The best way to deal with that muscle sores is to do those stretches and warm-ups both before and after your sprints. And, roll out your leg muscles when you’re done.

You’ll also want to find a safe, flat surface for your sprint training.

You shouldn’t try to do sprints on a treadmill, and instead focus on doing them on a track, gym, or other flat surface.

Try to avoid rocky surfaces or uneven terrain so that you don’t have to worry about obstacles while you’re trying to focus on training.

Remember to keep is slow at first – if you go too fast, too soon, then your max speed is low and that quickly lands you above your aerobic threshold, which means your body starts cycling lactic acid, which is hard to recover from.

Your form and your foot strike when sprinting are a bit different than when running.

When you need here is a forefoot strike instead of midfoot, which enables you to “peel through your toes so that you can use your hamstrings in a stride cycle.” (source)

Don’t try to do sprints daily because it can lead to that lactic acid buildup in your body, which is not ideal for anyone.

Beginner sprint workout

If you think you’re ready to add a regular beginner sprinting workout to your routine, then we have some sample workouts for you to consider.

Before we get started, remember that you should always start with a warm-up and close with a cool-down.

And, you don’t have to go “balls to the wall” right from the start – it’s okay, if not preferred, to start only going to 70% or 80% of your max instead of 100%.

Sample beginner sprinting workout – 

  • Warm-up: stretches and light jog/run for five minutes
  • Sprint: go for 30 seconds at only around half of your max capacity.
  • Slow: do a walk or jog for 60 to 120 seconds
  • Sprint: go for 30 seconds, but this time at around 70% of your max capacity.
  • Slow: do a walk or jog for 60 to 120 seconds
  • Sprint: go for 30 seconds, but this time at around 80% of your max capacity.
  • Slow: do a walk or jog for 60 to 120 seconds
  • Repeat until a total of 10 – 12 minutes have passed.
  • Cool down: stretches for five minutes and roll out your leg muscles

This should be enough of a workout to get you started as a total noob to sprinting.

As you gain more experience with sprints, you can increase the total amount of time for your workout, as well the amount of seconds you spend sprinting.

Just remember to not over-do it.

Sprinting FAQs

Below are some commonly asked questions about sprinting, along with their answers.

Do sprints burn belly fat?

Yes, sprints do burn belly fat.

According to the International Journal of Obesity, eight-second bursts of sprinting repeated intermittently for 20 minutes three times a week helped overweight men lose 4 pounds of body fat in 12 weeks and gain 2.64 pounds of muscle, resulting in a net body-weight loss.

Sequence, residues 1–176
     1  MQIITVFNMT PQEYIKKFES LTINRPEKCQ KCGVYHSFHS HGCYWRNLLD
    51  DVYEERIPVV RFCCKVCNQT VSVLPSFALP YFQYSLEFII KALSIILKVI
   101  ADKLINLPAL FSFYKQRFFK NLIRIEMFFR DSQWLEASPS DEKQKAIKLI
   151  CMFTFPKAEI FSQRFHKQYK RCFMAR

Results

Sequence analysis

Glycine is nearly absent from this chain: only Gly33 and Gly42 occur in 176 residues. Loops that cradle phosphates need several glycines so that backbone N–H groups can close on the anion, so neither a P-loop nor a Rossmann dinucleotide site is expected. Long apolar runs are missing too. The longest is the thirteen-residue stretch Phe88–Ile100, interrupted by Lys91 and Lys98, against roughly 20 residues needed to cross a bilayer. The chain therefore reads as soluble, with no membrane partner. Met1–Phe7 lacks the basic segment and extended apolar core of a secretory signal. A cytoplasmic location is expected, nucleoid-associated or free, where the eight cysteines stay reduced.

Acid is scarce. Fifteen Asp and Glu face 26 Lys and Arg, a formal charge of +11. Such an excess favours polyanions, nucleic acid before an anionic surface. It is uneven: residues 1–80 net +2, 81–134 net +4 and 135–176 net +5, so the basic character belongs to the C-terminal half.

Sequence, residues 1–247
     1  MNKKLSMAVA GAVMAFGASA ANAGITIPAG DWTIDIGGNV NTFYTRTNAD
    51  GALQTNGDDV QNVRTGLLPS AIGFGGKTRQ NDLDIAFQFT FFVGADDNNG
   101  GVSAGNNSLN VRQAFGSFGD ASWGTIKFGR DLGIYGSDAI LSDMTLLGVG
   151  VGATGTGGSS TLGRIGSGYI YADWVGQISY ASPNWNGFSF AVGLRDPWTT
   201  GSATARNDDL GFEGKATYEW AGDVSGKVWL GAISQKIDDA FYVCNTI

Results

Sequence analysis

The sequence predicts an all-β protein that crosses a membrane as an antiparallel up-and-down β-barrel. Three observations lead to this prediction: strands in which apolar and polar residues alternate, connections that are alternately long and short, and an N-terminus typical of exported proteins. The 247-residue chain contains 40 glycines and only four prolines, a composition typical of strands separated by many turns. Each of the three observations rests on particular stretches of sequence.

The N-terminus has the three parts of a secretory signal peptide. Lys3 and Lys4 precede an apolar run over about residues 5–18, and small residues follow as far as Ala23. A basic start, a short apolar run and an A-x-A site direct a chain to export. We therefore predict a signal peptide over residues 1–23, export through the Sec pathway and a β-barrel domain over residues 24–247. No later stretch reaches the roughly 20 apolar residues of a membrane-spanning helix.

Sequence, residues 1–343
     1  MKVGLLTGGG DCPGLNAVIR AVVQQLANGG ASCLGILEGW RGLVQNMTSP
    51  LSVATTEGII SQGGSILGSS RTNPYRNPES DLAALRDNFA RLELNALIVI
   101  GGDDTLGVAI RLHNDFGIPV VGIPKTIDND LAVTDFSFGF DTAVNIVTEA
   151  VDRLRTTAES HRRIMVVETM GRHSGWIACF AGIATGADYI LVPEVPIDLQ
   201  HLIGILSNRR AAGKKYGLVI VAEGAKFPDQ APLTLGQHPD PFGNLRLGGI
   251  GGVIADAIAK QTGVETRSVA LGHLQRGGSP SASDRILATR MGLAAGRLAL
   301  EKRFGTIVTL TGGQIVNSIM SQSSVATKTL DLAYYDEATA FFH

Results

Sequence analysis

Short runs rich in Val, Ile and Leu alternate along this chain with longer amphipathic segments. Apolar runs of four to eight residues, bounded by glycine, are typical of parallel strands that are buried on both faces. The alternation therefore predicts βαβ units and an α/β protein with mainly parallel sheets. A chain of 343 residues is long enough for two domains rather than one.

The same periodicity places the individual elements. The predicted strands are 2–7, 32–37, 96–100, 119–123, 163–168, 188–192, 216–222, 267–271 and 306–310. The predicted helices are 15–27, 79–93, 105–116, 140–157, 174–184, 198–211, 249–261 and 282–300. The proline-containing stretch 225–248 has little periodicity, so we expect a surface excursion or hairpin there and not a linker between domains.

Those men also experienced a 17-percent loss of visceral fat during the 12-week research period.

To achieve the same level of fat loss with only moderate jogging, it would require seven hours a week for a total of 14 weeks.

How will sprinting change my body?

Your legs and buttocks will get seriously toned from sprinting, with most of the changes noticeable in your quadriceps, hamstrings and glutes.

Since all of the muscles in your abdominal area must be be totally engaged for the duration of the sprint, you get some serious ab muscles from sprinting.

Your back, shoulders, arms and chest to develop a significant amount of muscle mass and become very strong from sprints.

Does sprinting build abs?

Yes, sprinting builds abs.

See the question above for more details on how sprints change and tone your body.

How long should I sprint to lose weight?

Aim for at least 20 minutes per week to see any noticeable weight loss.

Keep in mind that you’ll have to not only keep up the sprints, but increase them to continue seeing weight loss.

How many calories does sprinting burn?

Studies have shown that you can burn 200 calories with just two and a half minutes of maximum intensity sprinting.

This means when you go 100% with your sprints, this is the type of calorie burning that you can expect, on average.

Is sprinting good for your brain?

Yes, sprinting is good for your brain.

Research has shown that sprinting improves your memory and cognition.

It has also been shown to improve hormone imbalance.

Can sprinting replace leg day?

Yes, sprints can replace leg day for you.

This is because sprints give your legs a crazy awesome workout.

Is sprinting good for anxiety?

Yes, sprinting is good for anxiety.

Recent research shows that sprinting may be good for both improving depression and anxiety.

What should sprinters eat?

For the best results from your sprinting workouts, focus on getting some good protein.

Things like meats, eggs, fish, nuts, and beans are good choice for you.

Skip loading up on carbs if you’re doing sprints.